The Center for Media Pluralism and Freedom said in its latest report that Serbia’s media landscape is heavily polarized with critical media viewed as political opponents by the authorities.
Serbia’s “heavily polarised media landscape between pro-government tabloids and critical media mirrors a divided political landscape, where critically minded media are often perceived as political opponents”, the report said.
“In spite of the professional community’s high expectations that the new Media Strategy, adopted in 2020, could improve conditions for media pluralism and freedom in Serbia, the deadlines for the implementation of activities defined under its Action Plan have been exceeded,” it said.
According to the report, the Serbian authorities do not enforce media laws which leads to a medium risk rating on fundamental protection with media freedom undermined by different instruments including the threat of law suits or criminal charges against journalists and SLAPP suits as well as intensive pressure against critically-minded journalists and media in parliament.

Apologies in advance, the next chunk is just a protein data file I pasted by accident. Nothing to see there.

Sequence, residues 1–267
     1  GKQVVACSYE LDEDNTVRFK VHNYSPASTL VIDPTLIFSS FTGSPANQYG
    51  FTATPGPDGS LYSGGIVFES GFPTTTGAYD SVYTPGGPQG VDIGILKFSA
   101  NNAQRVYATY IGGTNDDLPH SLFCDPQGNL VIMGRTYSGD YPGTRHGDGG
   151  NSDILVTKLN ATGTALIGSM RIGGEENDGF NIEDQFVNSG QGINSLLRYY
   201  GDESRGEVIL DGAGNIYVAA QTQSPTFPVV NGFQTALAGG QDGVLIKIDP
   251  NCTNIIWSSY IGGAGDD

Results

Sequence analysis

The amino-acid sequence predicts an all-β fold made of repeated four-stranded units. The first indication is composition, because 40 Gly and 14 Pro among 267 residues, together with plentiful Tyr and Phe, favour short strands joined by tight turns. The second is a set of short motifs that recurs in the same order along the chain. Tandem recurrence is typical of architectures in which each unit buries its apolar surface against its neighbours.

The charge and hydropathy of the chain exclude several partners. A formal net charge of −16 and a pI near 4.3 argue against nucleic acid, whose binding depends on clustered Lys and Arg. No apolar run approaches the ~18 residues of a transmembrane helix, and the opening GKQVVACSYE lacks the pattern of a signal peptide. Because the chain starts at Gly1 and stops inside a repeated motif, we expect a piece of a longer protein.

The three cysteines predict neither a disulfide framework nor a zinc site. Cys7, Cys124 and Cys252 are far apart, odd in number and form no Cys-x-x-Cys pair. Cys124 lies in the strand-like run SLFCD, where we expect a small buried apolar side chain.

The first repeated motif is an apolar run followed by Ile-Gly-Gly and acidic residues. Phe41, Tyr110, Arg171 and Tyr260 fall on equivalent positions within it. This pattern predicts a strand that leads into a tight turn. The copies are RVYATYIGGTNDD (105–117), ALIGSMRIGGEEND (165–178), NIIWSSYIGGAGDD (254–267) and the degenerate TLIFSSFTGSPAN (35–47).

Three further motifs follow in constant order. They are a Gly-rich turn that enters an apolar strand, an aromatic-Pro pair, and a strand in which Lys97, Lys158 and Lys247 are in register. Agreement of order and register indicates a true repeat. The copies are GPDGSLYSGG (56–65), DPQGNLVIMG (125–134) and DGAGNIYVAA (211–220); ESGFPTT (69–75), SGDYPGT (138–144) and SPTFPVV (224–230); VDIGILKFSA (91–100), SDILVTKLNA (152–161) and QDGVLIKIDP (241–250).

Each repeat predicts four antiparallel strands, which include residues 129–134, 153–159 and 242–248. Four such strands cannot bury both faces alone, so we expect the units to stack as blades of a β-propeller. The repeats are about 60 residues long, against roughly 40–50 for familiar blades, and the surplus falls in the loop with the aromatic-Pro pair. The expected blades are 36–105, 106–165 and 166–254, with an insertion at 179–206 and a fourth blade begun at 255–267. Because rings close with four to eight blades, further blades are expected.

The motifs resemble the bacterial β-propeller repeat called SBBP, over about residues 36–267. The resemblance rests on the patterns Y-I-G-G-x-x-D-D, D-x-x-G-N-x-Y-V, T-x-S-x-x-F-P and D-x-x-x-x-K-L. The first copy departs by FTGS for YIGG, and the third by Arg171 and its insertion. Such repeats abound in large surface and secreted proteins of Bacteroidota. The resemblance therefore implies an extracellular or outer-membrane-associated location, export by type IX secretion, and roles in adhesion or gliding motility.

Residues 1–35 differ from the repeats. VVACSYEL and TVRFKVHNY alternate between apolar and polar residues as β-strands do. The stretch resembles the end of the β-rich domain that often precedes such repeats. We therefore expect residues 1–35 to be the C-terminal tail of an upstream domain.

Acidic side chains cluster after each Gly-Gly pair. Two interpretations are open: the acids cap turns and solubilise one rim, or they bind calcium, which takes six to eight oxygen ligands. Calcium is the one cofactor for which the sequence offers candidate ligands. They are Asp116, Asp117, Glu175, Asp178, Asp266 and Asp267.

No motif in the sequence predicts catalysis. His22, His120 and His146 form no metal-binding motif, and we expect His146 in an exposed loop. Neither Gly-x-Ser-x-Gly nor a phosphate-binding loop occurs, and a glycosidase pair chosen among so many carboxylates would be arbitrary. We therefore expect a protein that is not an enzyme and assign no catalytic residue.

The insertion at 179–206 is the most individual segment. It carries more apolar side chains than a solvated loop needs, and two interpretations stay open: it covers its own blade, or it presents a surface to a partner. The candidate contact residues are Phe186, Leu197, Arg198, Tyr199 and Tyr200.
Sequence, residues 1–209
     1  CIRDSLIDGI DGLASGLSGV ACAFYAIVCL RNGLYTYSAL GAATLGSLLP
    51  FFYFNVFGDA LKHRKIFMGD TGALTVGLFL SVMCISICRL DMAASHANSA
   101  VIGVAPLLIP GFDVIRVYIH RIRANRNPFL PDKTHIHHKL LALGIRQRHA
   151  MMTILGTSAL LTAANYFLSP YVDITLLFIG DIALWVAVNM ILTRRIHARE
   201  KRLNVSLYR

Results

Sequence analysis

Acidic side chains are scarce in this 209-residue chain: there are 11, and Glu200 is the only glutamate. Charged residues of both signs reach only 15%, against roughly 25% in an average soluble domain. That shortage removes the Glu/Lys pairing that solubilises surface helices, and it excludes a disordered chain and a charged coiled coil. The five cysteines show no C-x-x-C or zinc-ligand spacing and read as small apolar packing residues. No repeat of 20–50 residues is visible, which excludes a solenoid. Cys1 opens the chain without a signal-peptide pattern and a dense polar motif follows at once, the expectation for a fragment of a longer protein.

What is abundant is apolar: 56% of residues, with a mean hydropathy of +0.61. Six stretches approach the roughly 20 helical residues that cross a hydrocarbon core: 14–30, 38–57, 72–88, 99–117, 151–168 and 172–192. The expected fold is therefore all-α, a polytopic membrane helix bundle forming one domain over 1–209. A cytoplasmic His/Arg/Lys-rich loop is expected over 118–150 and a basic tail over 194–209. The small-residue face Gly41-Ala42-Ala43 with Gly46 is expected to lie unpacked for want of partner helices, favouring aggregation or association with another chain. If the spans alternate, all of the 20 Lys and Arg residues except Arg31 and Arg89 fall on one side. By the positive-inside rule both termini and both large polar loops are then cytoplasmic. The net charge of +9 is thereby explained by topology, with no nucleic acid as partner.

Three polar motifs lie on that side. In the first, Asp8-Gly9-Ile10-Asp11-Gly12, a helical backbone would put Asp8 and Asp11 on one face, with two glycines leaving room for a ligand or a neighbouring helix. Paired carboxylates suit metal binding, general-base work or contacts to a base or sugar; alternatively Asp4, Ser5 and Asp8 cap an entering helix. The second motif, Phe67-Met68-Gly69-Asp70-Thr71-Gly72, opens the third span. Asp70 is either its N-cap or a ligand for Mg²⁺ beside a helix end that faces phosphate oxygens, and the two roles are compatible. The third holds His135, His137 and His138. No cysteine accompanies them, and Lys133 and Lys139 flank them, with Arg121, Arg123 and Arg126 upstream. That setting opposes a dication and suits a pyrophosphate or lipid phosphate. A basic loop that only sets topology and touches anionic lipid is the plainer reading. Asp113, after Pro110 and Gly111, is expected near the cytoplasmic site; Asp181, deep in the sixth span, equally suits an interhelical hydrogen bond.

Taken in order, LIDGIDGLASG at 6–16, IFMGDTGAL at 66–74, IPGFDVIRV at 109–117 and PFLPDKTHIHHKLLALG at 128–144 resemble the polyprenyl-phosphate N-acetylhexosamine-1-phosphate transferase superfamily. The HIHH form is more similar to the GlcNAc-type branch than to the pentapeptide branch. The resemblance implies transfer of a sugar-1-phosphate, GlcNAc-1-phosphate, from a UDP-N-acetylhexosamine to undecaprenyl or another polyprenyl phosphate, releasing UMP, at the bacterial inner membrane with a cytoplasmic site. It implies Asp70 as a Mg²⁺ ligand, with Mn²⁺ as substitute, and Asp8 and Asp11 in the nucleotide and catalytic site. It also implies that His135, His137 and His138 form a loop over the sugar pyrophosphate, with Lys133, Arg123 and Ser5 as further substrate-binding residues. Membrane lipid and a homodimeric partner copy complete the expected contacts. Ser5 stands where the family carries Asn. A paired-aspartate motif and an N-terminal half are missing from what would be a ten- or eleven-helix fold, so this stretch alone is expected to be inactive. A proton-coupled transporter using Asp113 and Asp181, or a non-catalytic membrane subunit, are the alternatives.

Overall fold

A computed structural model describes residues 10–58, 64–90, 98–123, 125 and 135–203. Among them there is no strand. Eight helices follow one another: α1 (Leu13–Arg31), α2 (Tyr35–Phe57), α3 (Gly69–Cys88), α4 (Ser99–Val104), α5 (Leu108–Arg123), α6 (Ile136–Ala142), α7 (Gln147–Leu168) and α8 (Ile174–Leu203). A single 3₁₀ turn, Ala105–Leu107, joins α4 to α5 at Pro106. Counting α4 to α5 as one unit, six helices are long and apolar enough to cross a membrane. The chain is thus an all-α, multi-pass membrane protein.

In terms of market plurality, the report said, the major risks in Serbia stem from a high concentration of news media and commercial and owner influence on editorial content. “The major influence noted was that of state and party officials over private media, thanks to the political connections with certain media owners and marketing organisations. The influences were mostly conducted through direct contracting and public procurement. Many private outlets are owned by the ruling SNS supporters. State advertising was common in the Public Service Media as well. Media freedom and pluralism were particularly exposed by the lack of transparency in the process of project co-financing of media, as well as by persisting abuses of funds through project co-financing schemes,” the report said.
The report warned of heavy political pressure on journalists and editors. “Media independence was undermined by editorial pressures from politically connected media owners and direct pressure and threats against journalists, which contributed to the high rates of self-censorship,” it said and added that the most influential privately owned media regularly participated in smear campaigns against the political opposition and media outlets perceived as government opponents.
The report said that the journalistic profession in Serbia is open to everyone with no restrictions or discrimination but warned that the profession itself is insecure.